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Re: Scheme Digest #9

Mark VandeWettering writes:
| I think (and my thesis work is evolving into this kind of
| argument) that Y is overlooked for trivial reasons.  Partial
| evaluation and smarter code generation could make an SK based
| compiler generate code which is equal in quality to that produced
| by supercombinator based compilation.
Bard Bloom points out the space problem:
|I thought that the reason for using supercombinators rather than S and K is
| <stuff deleted>
|  In any event, the SK compiler has a lot of work to do before it can match
|even a fairly stupid supercombinator compiler, simply because it can be
|forced to produce incredibly long code.  My guess, and I gather the guess of
|many people who actually work on this, is that SK would lose.  I would be
|very interested in some proof that this guess was wrong.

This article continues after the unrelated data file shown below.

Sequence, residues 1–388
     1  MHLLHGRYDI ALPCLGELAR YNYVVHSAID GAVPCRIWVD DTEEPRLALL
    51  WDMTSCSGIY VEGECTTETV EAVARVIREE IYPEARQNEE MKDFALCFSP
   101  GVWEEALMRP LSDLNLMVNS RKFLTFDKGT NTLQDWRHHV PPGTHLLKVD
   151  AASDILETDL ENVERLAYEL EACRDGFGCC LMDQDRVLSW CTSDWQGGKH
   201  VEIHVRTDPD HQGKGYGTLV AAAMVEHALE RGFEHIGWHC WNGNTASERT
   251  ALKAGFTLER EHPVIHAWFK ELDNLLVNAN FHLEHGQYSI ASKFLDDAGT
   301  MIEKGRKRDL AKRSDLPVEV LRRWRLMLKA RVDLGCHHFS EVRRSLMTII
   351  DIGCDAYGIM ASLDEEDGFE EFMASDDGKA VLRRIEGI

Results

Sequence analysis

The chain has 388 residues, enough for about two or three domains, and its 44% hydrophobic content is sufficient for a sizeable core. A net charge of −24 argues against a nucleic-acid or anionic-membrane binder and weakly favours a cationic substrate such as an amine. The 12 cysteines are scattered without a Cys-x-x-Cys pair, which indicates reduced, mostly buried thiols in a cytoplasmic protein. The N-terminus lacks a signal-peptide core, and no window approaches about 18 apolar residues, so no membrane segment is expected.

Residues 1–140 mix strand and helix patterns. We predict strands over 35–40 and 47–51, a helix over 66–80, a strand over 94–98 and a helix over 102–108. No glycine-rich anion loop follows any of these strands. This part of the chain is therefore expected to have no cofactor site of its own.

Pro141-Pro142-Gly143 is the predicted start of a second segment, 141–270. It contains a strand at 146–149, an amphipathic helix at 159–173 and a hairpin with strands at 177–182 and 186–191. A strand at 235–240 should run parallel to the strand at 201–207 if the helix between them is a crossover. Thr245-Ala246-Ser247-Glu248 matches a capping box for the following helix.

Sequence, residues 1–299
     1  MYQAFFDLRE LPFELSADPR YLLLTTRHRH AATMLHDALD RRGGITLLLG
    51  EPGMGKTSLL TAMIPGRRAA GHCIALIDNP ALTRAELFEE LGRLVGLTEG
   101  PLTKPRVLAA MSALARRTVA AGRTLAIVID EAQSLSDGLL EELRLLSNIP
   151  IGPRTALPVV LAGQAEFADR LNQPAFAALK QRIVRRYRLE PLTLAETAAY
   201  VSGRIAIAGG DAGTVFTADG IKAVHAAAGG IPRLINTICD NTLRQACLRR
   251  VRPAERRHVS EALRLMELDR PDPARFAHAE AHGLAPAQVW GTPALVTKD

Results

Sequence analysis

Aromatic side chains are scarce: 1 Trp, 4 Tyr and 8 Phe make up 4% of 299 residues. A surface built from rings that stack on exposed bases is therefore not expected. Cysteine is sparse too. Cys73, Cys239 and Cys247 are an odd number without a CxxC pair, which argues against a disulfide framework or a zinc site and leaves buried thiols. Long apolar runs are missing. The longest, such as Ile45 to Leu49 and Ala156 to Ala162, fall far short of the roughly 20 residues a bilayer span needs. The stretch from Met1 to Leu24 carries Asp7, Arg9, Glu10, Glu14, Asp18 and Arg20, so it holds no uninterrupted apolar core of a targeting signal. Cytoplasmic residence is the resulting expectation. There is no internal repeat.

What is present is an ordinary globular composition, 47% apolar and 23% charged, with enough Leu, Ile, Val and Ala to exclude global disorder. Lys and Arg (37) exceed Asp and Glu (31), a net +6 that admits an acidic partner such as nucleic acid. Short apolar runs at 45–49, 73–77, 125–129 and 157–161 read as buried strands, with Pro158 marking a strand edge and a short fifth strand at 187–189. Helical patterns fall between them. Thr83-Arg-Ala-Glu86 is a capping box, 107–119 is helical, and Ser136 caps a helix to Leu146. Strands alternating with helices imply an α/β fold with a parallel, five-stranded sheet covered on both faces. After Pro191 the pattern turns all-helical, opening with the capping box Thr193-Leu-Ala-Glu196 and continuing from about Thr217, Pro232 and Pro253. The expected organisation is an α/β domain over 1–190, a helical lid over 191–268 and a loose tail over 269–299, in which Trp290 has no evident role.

More specifically, the problem is not with the larger code image
produced by SK compilation (because memory size is typically not a
problem these days), but rather that the granularity of the
instructions is too fine.  Supercombinators have much coarser
granularity, and get more work done per `instruction'.

This is reminicent of the RISC vs. CISC arguments that are raging over
in comp.arch.  I think Mark is making a case that with a high enough
instruction bandwidth and more intelligent code
generation/optimization, SK reduction performance could approach
current supercombinator reduction performance.

I doubt it, especially with SK, but you might with a larger set of
fixed combinators, such as Turner's expanded set.  I think you will
also need hardware support to really approach/improve on
supercombinator performance.  Some fixed combinator machines have been
built, but I haven't heard of any that are close performance-wise to
the current breed of supercombinator implementations.

  In short, a number of people have looked into this already, and most
are opting in favor of supercombinators.  With the performance of
general-purpose architectures climbing steadily, the trend seems to be
moving away from building special purpose machines.  For the
forseeable future, fixed combinator implementations will be slower,
given the advanced state of supercombinator compilation techniques.

Eric   ------
  jeschke@iuvax.cs.indiana.edu		...{pyramid, rutgers}!iuvax!jeschke